Ron DeSantis' Disney obsession: Why he can't let it go

Republican hate is no act — GOP leaders are true believers

By Amanda Marcotte

Senior Writer

Published April 19, 2023 6:41AM (EDT)

Ron DeSantis |  Disney 'Partners' statue at Magic Kingdom, in Orlando, Florida. (Photo illustration by Salon/Getty Images)
Ron DeSantis | Disney 'Partners' statue at Magic Kingdom, in Orlando, Florida. (Photo illustration by Salon/Getty Images)

Ron DeSantis, the arch-conservative Republican governor of Florida, graduated from Yale University and Harvard Law School. Due to these elite credentials, he has long enjoyed the presumption of phoniness in the mainstream media. The far-right authoritarian politics DeSantis touts are treated almost universally in the press as evidence he's trying to win over the MAGA base rather than a direct reflection of his own fascistic worldview.

"Everything he does is about what can further his own career ambitions," one Florida activist, quoted by the Associated Press, said of DeSantis' efforts to ban all acknowledgment of LGBTQ people in public schools.

The New York Times argued the "don't say gay" law is a way for DeSantis to be "more of a warrior figure to his political base."

People like DeSantis continue to benefit from the rarely-questioned assumption that no one who went to Harvard or Yale can really be a serious authoritarian.

In writing about DeSantis's embrace of draconian censorship laws, Greg Sargent of the Washington Post writes, "DeSantis probably calculates that this would serve his short-term political interests," because it "will bolster him among GOP primary voters."

There's probably some truth to the idea that DeSantis hopes hardcore culture war antics will help distinguish him from Trump, whose interest in hating LGBTQ people has always seemed perfunctory and who was more focused on silencing his critics than banning books with sex in them. But there's substantial evidence that DeSantis is motivated just as much, and likely more, by his own longings to be a petty dictator guided by an entirely sincere ideology of hate.

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Vox legal reporter Ian Millhiser tweeted a story about meeting Desantis a few years ago in the green room at CNN. "After his segment, he spent at least 30 minutes in the makeup room, ranting to no one in particular about a conspiracy theory involving Hillary Clinton and Russia," Millhiser wrote, affirming that DeSantis is an authentic right-wing nut, even when the cameras are turned off.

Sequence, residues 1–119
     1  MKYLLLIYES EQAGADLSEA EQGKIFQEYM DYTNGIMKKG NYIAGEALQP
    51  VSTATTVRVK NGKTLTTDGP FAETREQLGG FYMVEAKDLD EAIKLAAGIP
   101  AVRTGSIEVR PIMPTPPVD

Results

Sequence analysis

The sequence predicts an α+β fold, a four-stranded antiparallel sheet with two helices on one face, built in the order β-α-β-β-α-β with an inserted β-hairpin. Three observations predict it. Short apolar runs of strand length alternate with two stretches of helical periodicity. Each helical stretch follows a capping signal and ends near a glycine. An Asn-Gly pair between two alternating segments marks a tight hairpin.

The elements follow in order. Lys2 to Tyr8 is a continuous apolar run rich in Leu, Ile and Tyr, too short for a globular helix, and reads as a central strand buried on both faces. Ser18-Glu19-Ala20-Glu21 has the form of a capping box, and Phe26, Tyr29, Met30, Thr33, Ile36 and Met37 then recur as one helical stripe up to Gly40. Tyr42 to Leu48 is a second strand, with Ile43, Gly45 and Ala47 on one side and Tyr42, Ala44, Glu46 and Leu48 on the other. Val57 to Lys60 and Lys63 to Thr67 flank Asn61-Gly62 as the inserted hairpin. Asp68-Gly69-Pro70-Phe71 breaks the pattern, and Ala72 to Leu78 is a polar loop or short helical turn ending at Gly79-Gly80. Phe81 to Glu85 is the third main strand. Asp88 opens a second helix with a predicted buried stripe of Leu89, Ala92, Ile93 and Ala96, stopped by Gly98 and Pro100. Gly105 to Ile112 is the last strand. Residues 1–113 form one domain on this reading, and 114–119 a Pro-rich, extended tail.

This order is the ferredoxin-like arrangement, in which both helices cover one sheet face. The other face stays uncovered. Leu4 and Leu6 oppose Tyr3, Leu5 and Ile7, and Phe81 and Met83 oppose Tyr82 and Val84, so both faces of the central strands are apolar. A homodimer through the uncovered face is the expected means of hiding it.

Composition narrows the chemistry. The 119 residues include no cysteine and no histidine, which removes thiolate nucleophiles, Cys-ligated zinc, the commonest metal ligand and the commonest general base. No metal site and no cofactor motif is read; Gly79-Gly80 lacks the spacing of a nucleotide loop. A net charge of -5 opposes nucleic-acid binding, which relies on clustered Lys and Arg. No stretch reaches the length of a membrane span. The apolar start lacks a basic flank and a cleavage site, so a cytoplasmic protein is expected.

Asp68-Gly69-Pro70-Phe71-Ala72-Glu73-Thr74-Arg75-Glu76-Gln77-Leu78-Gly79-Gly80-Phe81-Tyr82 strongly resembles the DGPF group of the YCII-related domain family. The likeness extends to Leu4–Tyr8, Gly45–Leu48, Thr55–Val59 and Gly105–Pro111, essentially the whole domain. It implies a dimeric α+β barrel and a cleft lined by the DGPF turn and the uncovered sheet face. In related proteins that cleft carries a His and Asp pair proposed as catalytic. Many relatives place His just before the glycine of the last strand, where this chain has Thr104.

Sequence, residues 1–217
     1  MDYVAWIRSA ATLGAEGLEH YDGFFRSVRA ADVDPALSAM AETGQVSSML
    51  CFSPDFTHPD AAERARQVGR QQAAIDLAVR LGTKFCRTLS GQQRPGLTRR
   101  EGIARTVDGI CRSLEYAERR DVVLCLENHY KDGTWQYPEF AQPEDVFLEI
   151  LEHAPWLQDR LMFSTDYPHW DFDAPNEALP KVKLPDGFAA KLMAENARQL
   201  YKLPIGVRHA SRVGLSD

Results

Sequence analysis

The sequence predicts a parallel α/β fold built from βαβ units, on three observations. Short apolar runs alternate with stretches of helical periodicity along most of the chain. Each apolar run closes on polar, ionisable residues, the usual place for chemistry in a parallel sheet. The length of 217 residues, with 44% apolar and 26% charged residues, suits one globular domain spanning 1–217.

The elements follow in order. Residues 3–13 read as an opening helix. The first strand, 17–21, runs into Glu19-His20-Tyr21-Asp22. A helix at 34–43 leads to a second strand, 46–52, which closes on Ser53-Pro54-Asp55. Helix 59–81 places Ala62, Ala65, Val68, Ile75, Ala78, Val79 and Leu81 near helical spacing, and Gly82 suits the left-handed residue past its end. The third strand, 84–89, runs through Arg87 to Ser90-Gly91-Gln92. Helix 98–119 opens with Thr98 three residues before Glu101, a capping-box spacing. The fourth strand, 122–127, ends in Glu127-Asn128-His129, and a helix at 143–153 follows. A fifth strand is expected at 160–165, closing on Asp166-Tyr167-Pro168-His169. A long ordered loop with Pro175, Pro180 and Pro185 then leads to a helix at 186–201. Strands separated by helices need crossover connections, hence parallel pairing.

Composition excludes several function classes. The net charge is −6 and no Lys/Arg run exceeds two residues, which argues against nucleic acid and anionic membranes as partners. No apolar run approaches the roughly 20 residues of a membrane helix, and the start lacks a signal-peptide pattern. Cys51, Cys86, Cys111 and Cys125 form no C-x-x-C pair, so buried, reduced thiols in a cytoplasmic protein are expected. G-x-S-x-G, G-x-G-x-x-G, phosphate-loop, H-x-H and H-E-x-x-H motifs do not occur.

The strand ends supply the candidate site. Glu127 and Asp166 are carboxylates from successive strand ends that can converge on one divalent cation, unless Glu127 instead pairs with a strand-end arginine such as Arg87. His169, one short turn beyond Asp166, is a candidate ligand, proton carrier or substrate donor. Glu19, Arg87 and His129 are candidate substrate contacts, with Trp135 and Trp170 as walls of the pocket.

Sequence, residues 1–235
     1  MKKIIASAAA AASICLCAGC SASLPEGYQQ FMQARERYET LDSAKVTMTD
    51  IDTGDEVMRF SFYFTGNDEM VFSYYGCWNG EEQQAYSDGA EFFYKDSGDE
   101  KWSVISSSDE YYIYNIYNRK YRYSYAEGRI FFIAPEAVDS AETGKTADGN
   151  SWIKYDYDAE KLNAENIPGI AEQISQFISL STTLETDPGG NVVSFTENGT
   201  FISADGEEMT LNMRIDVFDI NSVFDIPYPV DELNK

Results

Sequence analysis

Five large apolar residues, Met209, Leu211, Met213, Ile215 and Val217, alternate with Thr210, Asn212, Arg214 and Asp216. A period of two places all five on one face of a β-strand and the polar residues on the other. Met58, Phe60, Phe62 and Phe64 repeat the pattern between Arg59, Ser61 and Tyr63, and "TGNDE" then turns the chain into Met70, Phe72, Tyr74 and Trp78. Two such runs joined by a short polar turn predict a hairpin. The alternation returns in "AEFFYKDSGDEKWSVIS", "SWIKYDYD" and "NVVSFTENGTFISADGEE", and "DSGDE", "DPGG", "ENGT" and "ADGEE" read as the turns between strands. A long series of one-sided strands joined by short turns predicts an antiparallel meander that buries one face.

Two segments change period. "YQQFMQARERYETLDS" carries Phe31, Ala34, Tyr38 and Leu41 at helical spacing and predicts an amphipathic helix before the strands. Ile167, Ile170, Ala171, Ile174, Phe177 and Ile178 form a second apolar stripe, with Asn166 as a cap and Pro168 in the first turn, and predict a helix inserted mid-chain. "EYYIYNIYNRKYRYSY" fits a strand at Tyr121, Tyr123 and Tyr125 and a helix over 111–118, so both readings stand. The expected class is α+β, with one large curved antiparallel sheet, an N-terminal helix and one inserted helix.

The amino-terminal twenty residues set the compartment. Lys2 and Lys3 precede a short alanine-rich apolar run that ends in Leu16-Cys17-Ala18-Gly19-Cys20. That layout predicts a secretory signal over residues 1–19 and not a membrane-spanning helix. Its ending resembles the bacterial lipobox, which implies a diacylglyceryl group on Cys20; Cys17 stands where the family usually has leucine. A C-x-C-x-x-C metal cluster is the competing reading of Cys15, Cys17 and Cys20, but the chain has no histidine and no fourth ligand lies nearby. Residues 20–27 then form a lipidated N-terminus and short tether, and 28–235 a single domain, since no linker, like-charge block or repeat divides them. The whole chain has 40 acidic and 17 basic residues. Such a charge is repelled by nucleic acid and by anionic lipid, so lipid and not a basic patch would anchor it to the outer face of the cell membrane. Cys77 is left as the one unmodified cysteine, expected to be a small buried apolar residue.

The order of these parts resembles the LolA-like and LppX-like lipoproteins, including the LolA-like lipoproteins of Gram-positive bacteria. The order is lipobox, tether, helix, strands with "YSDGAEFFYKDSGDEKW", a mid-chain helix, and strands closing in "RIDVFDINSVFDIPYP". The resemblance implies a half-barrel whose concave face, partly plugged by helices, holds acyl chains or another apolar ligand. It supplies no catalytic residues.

Other indicators have popped up, as well. There's the time DeSantis had a meltdown at a bunch of high school students who chose to wear masks. It not only cut against his false claims to support "personal choice," but it was so vicious that even the biggest pandemic-denying Karen was likely grossed out by his behavior. Then there was his recent signing of a near-absolute ban on abortion in Florida. DeSantis is aware that abortion bans are bad politics, which is why he signed the bill in the middle of the night in a failed attempt to sneak this one past the voters. All of this suggests that DeSantis knows some of his views aren't helpful, perhaps even in a GOP primary. He just is a true believer who wants to impose his bigoted beliefs on the public. 

The latest evidence that the MAGA behavior is not an act: DeSantis' bizarre and obsessive war with Disney.

DeSantis won't listen to that classic Disney song and just let it go.

It all started last year when the company released a milquetoast statement lightly condemning the "don't say gay" bill as a threat to the safety of Disney employees and their families. DeSantis overreacted dramatically, by threatening to violate both state law and First Amendment protections by revoking Disney's municipal control over the Disney World area. He got pretty far in this plan until he discovered that Disney — being equipped with fancy corporate lawyers — had figured out a workaround that denied his newly appointed board of right-wing ideologues most of the power over the company. DeSantis won't listen to that classic Disney song and just let it go, however. He's now threatening to build a competing amusement park or even a prison next to Disney World, all as a petty act of revenge.